HP ZR2740w - High Resolution IPS that Doesn't Break the Bankby Chris Heinonen on March 16, 2012 1:15 AM EST
Straight out of the box, the color accuracy of the HP leaves a disappointing taste. The average dE is close to 9, and the grayscale is well up there, almost entirely in the double digits. Due to the lack of an OSD or other controls, there isn’t any other color mode you can select, such as sRGB or 6500K, to try to improve these results without calibration. If you purchase the ZR2740w and cannot calibrate it, this is the performance you can expect with no way to improve upon it at all.
Of course, since many people purchasing this display will be calibrating it, we want to see how well it performs after a calibration. Using ColorEyes Display Pro on a MacBook Air, I set the targets to my usual preferences: 200 nits of light output, a D65 white point, gamma of 2.2, and minimum black level. The calibration was done with an i1Pro spectrometer that is NIST certified to have a maximum error of 1.0 dE and an average error of 0.4. Using these settings, we get a much better result out of the HP.
Here we can see that our dE has dropped down to an average of 1.76 which is pretty good. The errors, as usual, are in shades of blue at the edge of the sRGB colorspace, and that grayscale that was horrible is now down to an error of under 1 for almost the entire range. Again I wanted to look at the median color error and see how much this average error is being skewed by the blue results.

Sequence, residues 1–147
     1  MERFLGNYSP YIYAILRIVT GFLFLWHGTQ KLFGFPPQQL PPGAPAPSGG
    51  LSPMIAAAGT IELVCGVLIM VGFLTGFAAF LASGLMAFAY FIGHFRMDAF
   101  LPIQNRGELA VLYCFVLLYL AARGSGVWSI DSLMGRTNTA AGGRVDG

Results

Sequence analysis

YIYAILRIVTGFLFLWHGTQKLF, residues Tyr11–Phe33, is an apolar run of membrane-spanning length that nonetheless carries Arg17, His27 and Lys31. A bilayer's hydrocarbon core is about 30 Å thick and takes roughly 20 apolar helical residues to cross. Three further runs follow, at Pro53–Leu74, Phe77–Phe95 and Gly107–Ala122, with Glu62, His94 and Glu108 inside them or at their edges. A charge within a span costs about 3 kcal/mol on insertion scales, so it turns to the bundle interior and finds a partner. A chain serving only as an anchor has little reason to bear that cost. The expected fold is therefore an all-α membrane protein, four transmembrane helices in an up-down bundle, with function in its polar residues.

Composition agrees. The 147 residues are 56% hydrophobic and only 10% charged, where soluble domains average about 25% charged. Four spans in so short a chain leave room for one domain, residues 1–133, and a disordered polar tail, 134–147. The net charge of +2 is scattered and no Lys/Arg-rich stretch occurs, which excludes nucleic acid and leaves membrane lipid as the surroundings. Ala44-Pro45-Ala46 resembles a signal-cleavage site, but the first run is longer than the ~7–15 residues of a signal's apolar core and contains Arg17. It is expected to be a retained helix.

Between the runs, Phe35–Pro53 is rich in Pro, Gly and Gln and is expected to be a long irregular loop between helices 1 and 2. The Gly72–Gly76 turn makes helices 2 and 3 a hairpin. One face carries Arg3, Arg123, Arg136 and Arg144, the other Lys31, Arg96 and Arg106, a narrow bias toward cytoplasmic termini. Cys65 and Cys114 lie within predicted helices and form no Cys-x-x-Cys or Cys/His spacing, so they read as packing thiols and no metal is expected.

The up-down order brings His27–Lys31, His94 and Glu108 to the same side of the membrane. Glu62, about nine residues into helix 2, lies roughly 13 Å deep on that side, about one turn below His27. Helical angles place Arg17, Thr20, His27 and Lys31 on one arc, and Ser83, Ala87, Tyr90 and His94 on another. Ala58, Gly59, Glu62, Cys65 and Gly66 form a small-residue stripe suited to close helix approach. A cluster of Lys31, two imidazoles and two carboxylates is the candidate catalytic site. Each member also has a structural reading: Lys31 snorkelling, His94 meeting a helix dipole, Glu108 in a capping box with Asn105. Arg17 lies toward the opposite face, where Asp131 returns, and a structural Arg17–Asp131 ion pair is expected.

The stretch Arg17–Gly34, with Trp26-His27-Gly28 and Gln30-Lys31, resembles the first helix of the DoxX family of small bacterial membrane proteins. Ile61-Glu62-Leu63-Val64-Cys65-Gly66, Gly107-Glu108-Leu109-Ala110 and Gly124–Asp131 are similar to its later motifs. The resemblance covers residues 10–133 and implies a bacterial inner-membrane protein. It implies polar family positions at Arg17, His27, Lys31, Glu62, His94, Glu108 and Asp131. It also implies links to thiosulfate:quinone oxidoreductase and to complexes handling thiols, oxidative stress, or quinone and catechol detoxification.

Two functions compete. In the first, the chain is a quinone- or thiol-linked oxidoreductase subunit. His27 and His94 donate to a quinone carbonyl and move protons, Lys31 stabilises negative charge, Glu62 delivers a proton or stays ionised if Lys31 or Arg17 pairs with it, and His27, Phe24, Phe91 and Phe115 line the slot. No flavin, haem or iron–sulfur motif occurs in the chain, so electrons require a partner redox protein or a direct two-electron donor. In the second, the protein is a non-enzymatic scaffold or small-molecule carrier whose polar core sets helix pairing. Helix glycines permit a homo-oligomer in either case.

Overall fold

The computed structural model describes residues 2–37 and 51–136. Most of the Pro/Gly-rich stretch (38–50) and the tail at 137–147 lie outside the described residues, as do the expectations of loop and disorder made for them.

Our median color error is a dE of 1.2, which is quite good. There are a lot of panels that do worse than that, and not many that can do much better at all. The only way to really get an error much better than this is to find a panel that uses the full AdobeRGB colorspace, so those shades of blue will be able to be rendered correctly. As a high resolution 27” monitor is likely to be targeted towards professionals, including those doing print work, the 100 nits results were even more important this time than usual.
The dE results are very similar to those with 200 nits of light output, down to the grayscale having similar errors across the spectrum. The worst grayscale patch is the dark gray, which is the hardest for the i1Pro to read accurately, but until I have a better calibration program that allows for meter profiling, it’s the best result I’ll be able to get for you. Overall the calibrated results for the HP are good, but with no OSD at all the only way to get even close to these is with a calibration package, since you can’t even copy settings from another display and hope they look OK on your monitor. You could always try copying a color profile from someone else with the same monitor, but even then you're likely to get significant errors as there's plenty of variance between otherwise "identical" panels.